Let’s just say it: When it comes to the whole “bands doing cool things with tech” thing, we’re starting to get a little complacent. And by “we” I mean the majority, not extremely industrious and creative folks like Peter Gabriel, Brian Eno, Philip Glass and Dan Deacon. Those guys are currently blowing the rest of you out of the proverbial water.
When Bjork released her Biophilia app in 2011, it seemed to shine a light on the concept of the artist app — this extension of a band residing in the palm of the fan’s hand.
Sure, artist apps were a preexisting thing, and there were tons of services that made it easy to create them already on the market, but Biophilia was innovative: a new way to package and present music that let fans interact with it as they listened. It was a crazy, out-there suite of songs and tools that so perfectly fit Bjork’s crazy, out-there personality. It was a whole freaking experience — complete with new instruments, tour visuals and more. Biophilia was the epitome of what an artist app should be: An extension of a musician’s craft. A piece of art all on its own. And — although it garnered tons of press — distinctly NOT just a repository for marketing materials. However, this is the ideal — not the rule, unfortunately.
In a sense, having an artist app has become another chore — another act of digital drudgery that bands must endure in order to “put themselves out there.” But, unlike a Facebook page or a website — which are, by nature, a place to throw up info and tour dates — an app can be a much richer canvas for expression. And when we say “expression” we don’t mean a puzzling and nearly useless QR code. In the same way the music videos have gone beyond marketing vehicles for albums and songs and become works of art, so can apps. However, on the whole, we have a ways to go in that department.
Granted, there are more bands out there doing interesting things on mobile than the four listed below, but these are offerings that really lit up the weirdest corners of our brains. Put down the QR codes, dudes, and step into the light.
Peter Gabriel’s MusicTiles
Like Bjork’s Biophilia, Gabriel’s music app, MusicTiles ($2.99), lets you listen to tunes off of his album So (in celebration of its 25th anniversary) as well as actively remix the jams. MusicTiles has a pretty simple UI, featuring colored tiles that denote different instruments that you can dag around the screen to change up a song. Users can even record their mixes for later listening.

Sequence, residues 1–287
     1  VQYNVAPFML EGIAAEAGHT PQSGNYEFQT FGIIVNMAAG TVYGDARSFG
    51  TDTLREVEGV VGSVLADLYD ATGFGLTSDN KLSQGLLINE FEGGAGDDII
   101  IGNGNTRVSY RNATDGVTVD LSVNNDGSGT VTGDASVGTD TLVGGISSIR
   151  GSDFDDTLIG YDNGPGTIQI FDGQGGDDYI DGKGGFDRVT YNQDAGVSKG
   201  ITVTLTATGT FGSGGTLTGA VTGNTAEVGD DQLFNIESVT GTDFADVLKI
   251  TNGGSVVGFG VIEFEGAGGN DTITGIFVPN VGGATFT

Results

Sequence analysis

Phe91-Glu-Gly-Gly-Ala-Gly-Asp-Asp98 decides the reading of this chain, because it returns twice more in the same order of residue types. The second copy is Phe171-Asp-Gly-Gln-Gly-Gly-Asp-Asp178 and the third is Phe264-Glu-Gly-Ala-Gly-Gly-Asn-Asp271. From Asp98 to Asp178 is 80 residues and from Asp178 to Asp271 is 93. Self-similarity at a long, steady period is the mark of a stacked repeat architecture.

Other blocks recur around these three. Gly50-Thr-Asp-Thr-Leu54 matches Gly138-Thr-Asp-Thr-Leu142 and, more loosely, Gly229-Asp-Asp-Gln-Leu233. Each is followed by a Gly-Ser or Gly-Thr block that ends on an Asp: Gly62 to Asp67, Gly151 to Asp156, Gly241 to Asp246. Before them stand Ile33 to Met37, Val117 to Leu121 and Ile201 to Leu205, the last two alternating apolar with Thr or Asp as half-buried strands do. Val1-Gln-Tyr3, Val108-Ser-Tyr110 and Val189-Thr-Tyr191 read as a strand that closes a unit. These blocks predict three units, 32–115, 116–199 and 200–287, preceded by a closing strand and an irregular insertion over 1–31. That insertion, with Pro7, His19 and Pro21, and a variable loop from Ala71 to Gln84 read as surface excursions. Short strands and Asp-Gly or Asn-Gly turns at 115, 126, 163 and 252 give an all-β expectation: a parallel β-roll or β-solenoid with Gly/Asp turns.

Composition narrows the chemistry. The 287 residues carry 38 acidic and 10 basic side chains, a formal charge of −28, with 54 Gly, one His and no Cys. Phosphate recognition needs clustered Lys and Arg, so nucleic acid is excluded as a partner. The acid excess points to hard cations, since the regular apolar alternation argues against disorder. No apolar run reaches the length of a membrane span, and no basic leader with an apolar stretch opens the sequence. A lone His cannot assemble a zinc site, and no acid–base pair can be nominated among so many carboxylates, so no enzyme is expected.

Gabriel says of the app: “I have always loved the idea that music and art should be fully open media from which no-one is excluded. They are languages that anyone can learn to speak and definitely not the exclusive province of the high priests armed with ‘Talent.’”
When most artists trot out tech or content in honor of an anniversary, it’s usually a teary-eyed lookback replete with concert footage, scrawled linear notes and jams. Gabriel, on the other hand, is embracing new technology that allows fans to engage with his music on an even deeper level. Talk about a reissue.
Brian Eno’s Scape
When it comes to innovative music apps, Brian Eno has Bjork beat by about three years. Back in 2008, he and software designer Peter Chilvers created visual music tool Bloom, which, according to Evolver.fm “predated the iPhone, as it was previously a Flash demo running on a computer with a Wacom tablet, before Apple opened the iPhone to third-party developers.” It’s now available as an iPhone app.
Most recently, the pair unveiled an iOS app called Scape ($6), which allows you to create “sonic paintings” by changing the placement of an array of colors and shapes. You can also listen to/watch a series of preloaded sonic landscapes. The whole experience mirrors the shifting, ambient quality of Eno’s music perfectly, offering up a new, engaging dimension of his work.
Philip Glass’s REWORK_
According to the description on iTunes, the idea for REWORK_ ($9.99) came from a conversation between Philip Glass and Beck, so you know right off the bat that this app is going to blow borders. REWORK_ is an app version of Glass’ remix album by the same name and includes Snibbe Studio (creator of Björk’s Biophilia app) among its stable of creators. Like with Biophilia, the app pairs visuals with music and allows you to mess with tunes — in this case via the “Glass Machine” feature. It’s the totally digital version of the idea behind Beck’s totally analogue Song Reader album — in that it encourages users to put their own spin on tunes.
Dan Deacon’s Dan Deacon App
The electronic composer (and O Music Award nominee) recently dropped his newest record, America, and to herald the release of that record, released a free app for iOS and Android that incorporates audience members and their phones into his live show. Fire up the app, tap “I’m at a show” and your phone will flash with colors and sounds that sync up to the music currently invading your ear holes. And just like that, you’re the light show, kid.